First Patient Outside US Treated in Trial for Severe COVID-19 Patients

March 30, 2020 Updated: March 30, 2020

The first patient outside the United States was treated in a trial analyzing an antibody that inhibits the interleukin-6 (IL-6) pathway on patients with severe COVID-19.

The new illness is caused by the CCP (Communist Chinese Party) virus.

Kevzara, or sarilumab, is being tested on severe COVID-19 patients in Italy, Spain, Germany, France, Canada, Russia, after a study was initiated in the United States earlier this month.

Regeneron Pharmaceuticals and Sanofi announced on Monday that the first patient outside America was treated with Kevzara in a multi-center, double-blind, Phase 2/3 trial. The drug is already approved in multiple countries to treat rheumatoid arthritis.

The fully-human monoclonal antibody inhibits the IL-6 pathway by binding and blocking the interleukin-6 receptor, which may play a role in driving an overactive inflammatory response in the lungs of patients who are severely or critically ill with COVID-19.

Epoch Times Photo
A medical worker in protective gear (R) tends to a patient at the new COVID 3 level intensive care unit for COVID-19 cases at the Casal Palocco hospital near Rome, Italy, on March 24, 2020. (Alberto Pizzoli/ AFP via Getty Images)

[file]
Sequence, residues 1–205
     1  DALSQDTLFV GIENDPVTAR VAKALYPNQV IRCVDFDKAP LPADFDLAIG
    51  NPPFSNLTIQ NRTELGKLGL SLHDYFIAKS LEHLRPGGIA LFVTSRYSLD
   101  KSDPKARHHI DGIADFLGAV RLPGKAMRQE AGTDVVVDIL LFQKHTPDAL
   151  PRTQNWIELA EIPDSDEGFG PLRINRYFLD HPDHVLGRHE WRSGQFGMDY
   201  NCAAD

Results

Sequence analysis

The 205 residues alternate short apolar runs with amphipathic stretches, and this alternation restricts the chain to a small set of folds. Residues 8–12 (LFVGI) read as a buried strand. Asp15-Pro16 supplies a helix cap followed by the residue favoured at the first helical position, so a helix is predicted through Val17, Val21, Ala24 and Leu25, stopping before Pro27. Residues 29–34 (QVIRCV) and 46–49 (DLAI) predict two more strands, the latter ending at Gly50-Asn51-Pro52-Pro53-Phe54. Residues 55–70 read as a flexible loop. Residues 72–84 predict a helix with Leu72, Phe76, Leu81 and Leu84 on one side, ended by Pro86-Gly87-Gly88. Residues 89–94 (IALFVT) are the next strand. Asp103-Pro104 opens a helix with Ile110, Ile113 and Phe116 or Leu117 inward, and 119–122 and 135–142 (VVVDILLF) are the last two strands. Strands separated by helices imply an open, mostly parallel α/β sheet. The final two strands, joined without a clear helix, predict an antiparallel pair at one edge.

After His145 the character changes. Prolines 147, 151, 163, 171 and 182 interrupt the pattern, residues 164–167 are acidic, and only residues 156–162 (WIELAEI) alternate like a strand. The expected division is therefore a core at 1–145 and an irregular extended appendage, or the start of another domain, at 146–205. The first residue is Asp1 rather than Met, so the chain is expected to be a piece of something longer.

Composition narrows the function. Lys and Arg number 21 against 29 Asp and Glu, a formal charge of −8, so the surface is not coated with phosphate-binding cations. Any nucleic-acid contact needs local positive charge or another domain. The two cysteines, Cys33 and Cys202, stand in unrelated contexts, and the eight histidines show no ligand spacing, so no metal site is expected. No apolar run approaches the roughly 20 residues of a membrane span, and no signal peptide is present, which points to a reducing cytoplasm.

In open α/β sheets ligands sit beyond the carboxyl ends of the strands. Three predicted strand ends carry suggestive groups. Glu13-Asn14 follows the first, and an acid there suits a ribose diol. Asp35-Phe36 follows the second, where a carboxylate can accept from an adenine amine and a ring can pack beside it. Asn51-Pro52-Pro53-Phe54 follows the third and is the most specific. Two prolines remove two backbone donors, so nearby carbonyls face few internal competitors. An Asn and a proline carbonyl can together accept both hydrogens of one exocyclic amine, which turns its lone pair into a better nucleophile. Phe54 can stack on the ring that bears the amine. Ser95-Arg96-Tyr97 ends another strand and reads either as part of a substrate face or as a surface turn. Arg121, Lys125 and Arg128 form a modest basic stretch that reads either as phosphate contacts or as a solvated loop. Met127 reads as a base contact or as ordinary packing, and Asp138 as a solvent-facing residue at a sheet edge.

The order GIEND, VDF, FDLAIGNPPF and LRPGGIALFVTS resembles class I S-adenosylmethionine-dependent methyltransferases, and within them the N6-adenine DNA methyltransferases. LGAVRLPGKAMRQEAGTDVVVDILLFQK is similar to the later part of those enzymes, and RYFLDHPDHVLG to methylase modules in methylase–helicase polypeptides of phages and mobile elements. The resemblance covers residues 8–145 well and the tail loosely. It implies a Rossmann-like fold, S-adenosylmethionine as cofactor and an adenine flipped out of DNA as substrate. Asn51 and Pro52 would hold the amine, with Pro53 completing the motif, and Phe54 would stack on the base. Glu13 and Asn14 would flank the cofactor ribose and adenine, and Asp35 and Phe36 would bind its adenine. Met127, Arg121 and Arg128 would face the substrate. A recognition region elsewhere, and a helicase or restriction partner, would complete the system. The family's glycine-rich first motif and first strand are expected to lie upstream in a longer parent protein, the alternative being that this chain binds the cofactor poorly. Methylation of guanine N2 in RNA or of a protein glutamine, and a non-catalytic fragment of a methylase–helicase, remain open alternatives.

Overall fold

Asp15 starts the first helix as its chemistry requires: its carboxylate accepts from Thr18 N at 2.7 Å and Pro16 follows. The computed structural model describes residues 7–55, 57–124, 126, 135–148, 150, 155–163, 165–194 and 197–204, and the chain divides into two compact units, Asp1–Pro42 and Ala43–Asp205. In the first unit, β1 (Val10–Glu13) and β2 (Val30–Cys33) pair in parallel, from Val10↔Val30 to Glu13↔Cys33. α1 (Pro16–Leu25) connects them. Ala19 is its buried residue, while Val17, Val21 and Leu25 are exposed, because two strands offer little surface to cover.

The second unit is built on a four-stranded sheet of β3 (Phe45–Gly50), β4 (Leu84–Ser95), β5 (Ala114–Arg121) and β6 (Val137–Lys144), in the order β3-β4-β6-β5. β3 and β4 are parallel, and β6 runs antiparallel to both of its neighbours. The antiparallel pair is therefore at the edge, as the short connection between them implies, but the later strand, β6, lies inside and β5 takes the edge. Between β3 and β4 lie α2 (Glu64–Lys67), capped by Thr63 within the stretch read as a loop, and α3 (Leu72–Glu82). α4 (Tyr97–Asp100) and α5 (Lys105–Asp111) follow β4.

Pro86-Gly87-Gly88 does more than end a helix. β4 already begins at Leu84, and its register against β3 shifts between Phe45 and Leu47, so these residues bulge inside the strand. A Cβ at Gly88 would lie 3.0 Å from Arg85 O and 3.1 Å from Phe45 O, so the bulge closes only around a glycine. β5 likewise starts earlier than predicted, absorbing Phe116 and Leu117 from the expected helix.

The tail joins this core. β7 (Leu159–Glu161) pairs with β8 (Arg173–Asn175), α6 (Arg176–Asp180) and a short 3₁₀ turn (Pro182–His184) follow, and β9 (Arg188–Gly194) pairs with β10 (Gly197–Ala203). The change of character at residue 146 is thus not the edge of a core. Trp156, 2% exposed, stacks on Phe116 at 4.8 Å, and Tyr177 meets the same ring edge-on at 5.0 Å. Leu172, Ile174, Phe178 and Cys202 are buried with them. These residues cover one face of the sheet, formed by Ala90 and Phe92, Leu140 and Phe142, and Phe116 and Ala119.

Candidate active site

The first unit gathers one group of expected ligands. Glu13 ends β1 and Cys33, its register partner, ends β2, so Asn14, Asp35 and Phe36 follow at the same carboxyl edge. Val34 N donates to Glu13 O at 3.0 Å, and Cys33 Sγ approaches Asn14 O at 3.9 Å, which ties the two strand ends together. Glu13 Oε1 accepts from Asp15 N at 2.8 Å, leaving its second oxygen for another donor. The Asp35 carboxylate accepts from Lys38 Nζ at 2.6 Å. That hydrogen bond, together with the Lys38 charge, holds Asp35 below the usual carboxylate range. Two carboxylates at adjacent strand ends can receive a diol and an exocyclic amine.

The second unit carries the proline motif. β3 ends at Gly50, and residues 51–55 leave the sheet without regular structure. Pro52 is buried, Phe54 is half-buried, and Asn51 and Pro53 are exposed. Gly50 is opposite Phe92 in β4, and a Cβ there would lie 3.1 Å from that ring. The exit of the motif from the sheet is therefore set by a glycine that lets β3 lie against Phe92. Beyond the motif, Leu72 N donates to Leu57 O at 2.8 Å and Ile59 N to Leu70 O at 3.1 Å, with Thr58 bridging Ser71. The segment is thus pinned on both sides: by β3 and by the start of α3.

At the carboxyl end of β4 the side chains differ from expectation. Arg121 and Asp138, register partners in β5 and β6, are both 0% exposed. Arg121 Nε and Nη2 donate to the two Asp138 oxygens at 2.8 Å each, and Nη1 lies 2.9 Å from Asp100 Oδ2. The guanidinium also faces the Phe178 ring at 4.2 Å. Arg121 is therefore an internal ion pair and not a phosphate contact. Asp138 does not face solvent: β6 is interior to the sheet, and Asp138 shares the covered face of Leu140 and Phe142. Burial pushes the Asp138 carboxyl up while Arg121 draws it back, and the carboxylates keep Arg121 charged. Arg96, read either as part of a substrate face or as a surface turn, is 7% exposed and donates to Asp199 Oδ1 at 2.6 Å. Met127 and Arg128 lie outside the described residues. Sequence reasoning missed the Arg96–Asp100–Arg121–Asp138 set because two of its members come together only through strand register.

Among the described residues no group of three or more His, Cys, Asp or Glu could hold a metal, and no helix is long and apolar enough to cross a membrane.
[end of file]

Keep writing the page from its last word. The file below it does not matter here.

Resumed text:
The role of the pathway and receptor were recognized in a small, non-peer-reviewed study from China, prompting the companies to start trials.

“Data from a single-arm study in China suggest that the interleukin-6 pathway may play an important role in the overactive inflammatory response in the lungs of patients with COVID-19. Despite this encouraging finding, it’s imperative to conduct a properly designed, randomized trial to understand the true impact of Kevzara, which we are now doing through this global clinical trial program,” Dr. George Yancopoulos, co-founder and CSO of Regeneron, said in a statement.

“These trials will provide important data to determine whether Kevzara ameliorates the life-threatening complications of COVID-19 infections by counteracting the overactive inflammatory immune responses in the lungs when damaged by the virus,” added Dr. John Reed, Sanofi’s global head of research and development.

The trial outside the United States is analyzing the safety and efficacy of adding a single intravenous dose of Kevzara to usual supportive care, compared to supportive care plus placebo. Approximately 300 patients are expected to be enrolled among those in hospitals with severe or critical infections.

After getting the dose, the patients will be assessed for 60 days or until they’re discharged from the hospital or die.

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